Using the Google Custom Search API via jQuery

19 Januar 2012

I've been using the Bing Search API for a while on my peter.hahndorf.eu site. The site is totally static, there are no server-side components. So a search had to be implemented in JavaScript. The code was relatively simple and Bing gives you an unlimited number of search queries which is great.

However recently I noted that the API calls didn't return any results at all, while the bing.com site itself returned the results as expected. I looked around a bit online and found out, that the API is not using the exact same data source as the web site and that several other people had problems with their results as well.

So I turned to the other search guys. I had used an older Google API on the server side a while ago but this time I wanted to replace the client side implementation.

I did not just want to place a Google created HTML fragment search box on my site, I wanted to get just the search results via JSON without any Google goo around it.

You can see the working search at peter.hahndorf.eu/search.html

They have something called the 'JSON/Atom Custom Search API', and I will describe how to use it:

To start with, you need a Google account, quiet likely you already have one. Next you need to define your own custom search engine. This allows you to search just your site not the whole web. Go to http://www.google.com/cse/manage/all and create a new search engine, follow their steps and you receive a 'Search engine unique ID' which you later need in your code.

Next you need an API key. Follow the instructions at http://code.google.com/apis/customsearch/v1/getting_started.html#get_account, the API key is the second parameter that you have to provide to Google every time you use the API. The free API plan only allows you 100 queries per day, which is enough for my small site but for bigger sites you may have to pay them.

You can now test your custom search by just putting the following in your browser's address bar:

https://www.googleapis.com/customsearch/v1?key=INSERT-YOUR-KEY&cx=INSERT-YOUR-ENGINE-ID&q=YOUR-SEARCH-TERM&alt=json

You should get a page with search results formatted in JSON.

Building a search page:

Let's start with the html:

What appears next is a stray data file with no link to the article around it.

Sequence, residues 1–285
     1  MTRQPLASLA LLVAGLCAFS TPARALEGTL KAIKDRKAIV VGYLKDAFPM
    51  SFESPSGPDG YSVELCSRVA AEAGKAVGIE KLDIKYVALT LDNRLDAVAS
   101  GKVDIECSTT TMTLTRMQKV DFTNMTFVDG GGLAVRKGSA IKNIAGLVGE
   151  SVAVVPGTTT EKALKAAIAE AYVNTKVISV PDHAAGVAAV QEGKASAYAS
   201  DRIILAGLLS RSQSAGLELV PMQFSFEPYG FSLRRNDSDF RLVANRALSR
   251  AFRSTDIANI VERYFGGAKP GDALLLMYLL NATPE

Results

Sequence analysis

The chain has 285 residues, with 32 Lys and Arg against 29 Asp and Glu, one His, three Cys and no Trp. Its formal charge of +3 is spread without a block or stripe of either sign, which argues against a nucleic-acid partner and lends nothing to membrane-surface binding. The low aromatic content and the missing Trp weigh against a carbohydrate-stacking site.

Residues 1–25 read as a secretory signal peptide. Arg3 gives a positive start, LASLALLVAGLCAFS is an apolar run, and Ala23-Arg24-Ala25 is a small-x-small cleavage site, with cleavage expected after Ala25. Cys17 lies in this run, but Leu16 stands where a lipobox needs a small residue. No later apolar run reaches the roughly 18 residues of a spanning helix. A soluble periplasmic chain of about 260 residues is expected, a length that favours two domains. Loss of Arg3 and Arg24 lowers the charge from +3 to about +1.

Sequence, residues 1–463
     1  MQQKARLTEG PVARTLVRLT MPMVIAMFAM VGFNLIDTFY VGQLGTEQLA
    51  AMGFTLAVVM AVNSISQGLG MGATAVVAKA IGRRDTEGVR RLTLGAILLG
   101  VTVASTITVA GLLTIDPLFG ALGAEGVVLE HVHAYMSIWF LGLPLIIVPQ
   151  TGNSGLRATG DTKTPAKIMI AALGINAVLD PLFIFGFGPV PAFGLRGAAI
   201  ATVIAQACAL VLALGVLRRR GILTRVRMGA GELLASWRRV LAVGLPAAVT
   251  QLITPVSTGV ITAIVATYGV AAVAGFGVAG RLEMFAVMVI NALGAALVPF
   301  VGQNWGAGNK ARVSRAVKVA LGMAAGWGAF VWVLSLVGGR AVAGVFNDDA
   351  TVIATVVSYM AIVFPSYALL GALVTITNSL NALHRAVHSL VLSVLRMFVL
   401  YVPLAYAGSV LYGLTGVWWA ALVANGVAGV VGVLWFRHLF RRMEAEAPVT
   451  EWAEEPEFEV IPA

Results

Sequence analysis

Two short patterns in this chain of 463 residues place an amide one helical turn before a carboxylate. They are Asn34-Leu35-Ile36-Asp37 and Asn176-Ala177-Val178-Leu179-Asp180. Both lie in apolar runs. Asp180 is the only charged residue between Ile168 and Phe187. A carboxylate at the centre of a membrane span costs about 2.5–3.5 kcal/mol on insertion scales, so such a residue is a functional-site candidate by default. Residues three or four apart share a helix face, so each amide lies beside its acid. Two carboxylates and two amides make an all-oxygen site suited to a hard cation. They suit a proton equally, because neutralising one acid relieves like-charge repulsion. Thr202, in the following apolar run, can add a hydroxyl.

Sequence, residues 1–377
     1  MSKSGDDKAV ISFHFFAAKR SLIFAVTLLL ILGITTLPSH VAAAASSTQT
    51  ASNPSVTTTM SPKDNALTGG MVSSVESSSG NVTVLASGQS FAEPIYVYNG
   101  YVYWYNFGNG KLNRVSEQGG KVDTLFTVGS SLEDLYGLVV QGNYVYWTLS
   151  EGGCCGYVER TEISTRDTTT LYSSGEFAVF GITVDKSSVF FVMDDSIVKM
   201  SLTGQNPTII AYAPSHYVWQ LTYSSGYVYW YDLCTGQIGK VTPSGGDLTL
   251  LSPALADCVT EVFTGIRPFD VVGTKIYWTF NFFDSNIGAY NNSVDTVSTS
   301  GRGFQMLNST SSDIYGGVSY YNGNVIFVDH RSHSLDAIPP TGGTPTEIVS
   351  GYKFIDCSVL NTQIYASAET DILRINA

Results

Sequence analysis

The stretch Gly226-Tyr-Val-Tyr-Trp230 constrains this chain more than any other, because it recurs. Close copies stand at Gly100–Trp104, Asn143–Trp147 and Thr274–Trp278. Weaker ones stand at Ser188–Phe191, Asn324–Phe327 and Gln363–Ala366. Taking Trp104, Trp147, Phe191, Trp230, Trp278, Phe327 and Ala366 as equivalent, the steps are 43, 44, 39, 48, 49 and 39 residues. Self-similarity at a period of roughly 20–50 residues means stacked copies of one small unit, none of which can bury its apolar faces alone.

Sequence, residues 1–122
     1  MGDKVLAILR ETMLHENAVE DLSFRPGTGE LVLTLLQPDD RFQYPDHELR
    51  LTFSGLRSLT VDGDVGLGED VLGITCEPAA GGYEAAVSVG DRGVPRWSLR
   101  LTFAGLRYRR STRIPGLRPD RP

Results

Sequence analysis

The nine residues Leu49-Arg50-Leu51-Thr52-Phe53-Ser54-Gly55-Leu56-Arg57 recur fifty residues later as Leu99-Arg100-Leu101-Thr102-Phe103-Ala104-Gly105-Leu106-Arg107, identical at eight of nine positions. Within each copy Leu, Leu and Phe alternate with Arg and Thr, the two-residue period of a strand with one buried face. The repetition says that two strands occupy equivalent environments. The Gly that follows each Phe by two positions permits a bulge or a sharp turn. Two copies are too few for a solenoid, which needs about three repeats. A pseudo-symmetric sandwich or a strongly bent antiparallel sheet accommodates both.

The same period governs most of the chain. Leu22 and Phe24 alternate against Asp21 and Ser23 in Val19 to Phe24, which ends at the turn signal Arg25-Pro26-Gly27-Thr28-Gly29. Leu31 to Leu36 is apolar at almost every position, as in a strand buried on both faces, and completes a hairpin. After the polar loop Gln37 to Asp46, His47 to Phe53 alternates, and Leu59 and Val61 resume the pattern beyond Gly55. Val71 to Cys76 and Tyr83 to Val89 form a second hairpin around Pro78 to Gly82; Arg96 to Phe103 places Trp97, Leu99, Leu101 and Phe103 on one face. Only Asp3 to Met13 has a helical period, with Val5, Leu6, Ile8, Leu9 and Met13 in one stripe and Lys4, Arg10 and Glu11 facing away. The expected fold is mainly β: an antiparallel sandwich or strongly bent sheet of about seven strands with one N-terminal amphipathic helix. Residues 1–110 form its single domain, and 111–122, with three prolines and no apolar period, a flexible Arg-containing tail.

<input type="text" id="txtSearchTerm" size="40" />
<button id="btnSearch" style="display:none;">Start Search</button>


<noscript>JavaScript is required for this page.</noscript>


<div id="searchResult"></div>

<div id="output"></div>


<div>
    <a href="#" id="lnkPrev" title="Display previous result page" style="display:none;">Previous</a> <span id="lblPageNumber" style="display:none;"></span> <a href="#" id="lnkNext" title="Display next result page" style="display:none;">Next</a>
</div>

Let's see, we start with an input field and a button. Because without JavaScript our search doesn't work we hide the button and display a message to the user using the 'noscript' tag.

Next we have three divs, the first 'searchResult' is to display a search result summary or an error message. The second one 'output' is for the actual results and the third one is for the navigation to the next or previous pages. The API returns up to 10 records per call and up to 110 records in total. I did not implement a number of links to jump to the result pages directly. I feel the 'Next' button is good enough.

We also need to include our script file and jQuery, I always put these at the end of the page:

<script type="text/javascript" src="jquery.js"></script>

<script type="text/javascript" src="googlesearch.js"></script>

When developing the script you will do a lot testing and may run into the 100 queries per day limit, to work around this I created a local dummy result page. Use the url from before but instead of the &alt=json parameter at the end, use &callback=SearchCompleted. Also make sure that the search term you are using returns more than 10 results.

https://www.googleapis.com/customsearch/v1?key=INSERT-YOUR-KEY&cx=INSERT-YOUR-ENGINE-ID&q=YOUR-SEARCH-TERM& callback=SearchCompleted